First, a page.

Cadbury Cottage is named for the beautiful, idyllic village countryside in Somerset England which also shares a name with the famous chocolatier. The name Cadbury means Cada's fort and refers to Cadbury Castle, thought by some to be King Arthur's Camelot.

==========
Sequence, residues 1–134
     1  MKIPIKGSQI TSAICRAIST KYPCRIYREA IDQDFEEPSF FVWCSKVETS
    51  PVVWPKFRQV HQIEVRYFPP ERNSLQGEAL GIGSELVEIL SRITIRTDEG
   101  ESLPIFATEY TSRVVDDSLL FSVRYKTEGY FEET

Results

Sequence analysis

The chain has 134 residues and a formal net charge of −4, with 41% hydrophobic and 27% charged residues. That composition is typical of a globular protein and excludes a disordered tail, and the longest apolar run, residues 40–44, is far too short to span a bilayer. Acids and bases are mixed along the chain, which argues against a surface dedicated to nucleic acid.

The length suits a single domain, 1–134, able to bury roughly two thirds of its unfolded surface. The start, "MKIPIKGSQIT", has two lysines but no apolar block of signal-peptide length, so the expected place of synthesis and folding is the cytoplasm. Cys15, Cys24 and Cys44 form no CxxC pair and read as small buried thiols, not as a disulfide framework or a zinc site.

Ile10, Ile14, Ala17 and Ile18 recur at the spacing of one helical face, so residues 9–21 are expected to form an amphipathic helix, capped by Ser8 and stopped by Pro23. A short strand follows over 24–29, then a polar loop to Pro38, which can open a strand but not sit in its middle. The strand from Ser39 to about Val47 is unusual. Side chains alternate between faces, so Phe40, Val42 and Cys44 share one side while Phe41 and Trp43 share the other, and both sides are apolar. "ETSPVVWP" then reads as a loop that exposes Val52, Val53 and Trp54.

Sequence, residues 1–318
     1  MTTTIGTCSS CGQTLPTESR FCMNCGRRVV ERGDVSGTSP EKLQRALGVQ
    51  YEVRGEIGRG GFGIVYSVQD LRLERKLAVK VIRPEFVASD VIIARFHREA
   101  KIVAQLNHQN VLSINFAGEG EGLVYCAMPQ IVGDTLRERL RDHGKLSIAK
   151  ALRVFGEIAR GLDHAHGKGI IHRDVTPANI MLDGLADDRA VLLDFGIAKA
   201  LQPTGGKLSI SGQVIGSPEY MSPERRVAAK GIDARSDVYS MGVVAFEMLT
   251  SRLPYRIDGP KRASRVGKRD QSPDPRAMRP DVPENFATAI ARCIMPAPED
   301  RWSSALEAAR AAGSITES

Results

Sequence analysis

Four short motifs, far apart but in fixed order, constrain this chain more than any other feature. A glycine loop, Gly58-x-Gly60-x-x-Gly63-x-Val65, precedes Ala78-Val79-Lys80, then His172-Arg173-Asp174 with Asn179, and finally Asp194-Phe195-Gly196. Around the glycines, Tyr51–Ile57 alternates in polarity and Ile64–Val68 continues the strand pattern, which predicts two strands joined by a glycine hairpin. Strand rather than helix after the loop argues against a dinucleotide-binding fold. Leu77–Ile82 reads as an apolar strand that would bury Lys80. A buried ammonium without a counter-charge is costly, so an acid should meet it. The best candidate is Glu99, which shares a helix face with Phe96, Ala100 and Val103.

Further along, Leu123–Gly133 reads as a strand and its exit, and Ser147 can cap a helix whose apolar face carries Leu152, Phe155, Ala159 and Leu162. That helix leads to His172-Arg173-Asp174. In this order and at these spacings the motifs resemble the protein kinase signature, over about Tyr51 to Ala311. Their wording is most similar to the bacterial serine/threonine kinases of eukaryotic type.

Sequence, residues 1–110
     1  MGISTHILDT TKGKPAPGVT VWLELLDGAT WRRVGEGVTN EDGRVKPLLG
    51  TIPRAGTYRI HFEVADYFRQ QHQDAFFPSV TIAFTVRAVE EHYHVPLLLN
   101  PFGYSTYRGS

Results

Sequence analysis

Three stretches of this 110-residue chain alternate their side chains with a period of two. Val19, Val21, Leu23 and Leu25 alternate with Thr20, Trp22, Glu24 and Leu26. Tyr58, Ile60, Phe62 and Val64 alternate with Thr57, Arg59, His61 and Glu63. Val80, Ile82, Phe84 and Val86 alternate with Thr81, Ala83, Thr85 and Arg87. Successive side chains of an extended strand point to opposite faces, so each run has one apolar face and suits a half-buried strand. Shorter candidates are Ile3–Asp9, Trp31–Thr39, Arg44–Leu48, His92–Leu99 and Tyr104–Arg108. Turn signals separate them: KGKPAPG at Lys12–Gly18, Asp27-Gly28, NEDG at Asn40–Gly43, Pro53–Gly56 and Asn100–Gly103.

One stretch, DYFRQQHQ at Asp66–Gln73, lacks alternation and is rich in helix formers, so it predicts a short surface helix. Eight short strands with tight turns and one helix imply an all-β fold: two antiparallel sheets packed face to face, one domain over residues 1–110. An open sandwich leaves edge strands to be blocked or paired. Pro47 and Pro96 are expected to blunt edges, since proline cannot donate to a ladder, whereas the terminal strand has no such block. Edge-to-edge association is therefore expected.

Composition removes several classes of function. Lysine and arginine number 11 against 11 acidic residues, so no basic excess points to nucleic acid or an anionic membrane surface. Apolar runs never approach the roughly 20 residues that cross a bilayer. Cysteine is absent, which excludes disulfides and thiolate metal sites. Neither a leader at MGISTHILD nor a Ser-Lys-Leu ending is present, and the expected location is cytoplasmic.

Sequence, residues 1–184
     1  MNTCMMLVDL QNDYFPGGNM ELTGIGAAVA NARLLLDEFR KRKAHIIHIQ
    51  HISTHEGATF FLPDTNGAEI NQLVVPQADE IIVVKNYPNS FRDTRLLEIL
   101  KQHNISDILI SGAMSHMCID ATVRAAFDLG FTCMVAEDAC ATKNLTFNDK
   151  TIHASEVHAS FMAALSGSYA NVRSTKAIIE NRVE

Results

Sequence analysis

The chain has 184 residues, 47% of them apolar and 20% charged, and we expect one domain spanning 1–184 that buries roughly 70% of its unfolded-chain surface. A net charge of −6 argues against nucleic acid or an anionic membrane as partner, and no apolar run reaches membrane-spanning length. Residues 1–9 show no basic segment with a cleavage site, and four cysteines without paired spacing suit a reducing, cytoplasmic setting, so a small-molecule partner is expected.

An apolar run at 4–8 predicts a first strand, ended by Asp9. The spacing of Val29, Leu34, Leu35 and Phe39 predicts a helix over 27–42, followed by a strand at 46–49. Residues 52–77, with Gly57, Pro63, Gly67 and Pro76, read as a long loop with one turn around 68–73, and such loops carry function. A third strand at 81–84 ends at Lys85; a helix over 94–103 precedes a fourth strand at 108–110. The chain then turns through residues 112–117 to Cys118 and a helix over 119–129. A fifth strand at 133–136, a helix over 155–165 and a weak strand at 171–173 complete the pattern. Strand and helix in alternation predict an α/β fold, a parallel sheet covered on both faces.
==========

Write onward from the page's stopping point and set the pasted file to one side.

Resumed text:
John Cadbury (12 August 1801 – 11 May 1889), was proprietor of a small chocolate business in Birmingham, England, that later became part of Cadbury, one of the world's largest chocolate producers. Cadbury was influenced in his choice of trade by his temperance beliefs – he felt alcohol was a major cause of poverty and other social ills, and saw cocoa and chocolate as alternatives. As a social reformer, he also led a campaign to ban the use of boy chimney sweeps and campaigned against animal cruelty, forming the Animals Friend Society. The family rapidly developed the Cadbury's factory, and it remains a key site of Cadbury. The district around the factory has been 'dry' for over 100 years, with no alcohol being sold in pubs, bars or shops. Residents have fought to maintain this, winning a court battle in March 2007 with Britain's biggest supermarket chain, to prevent it selling alcohol in its local outlet.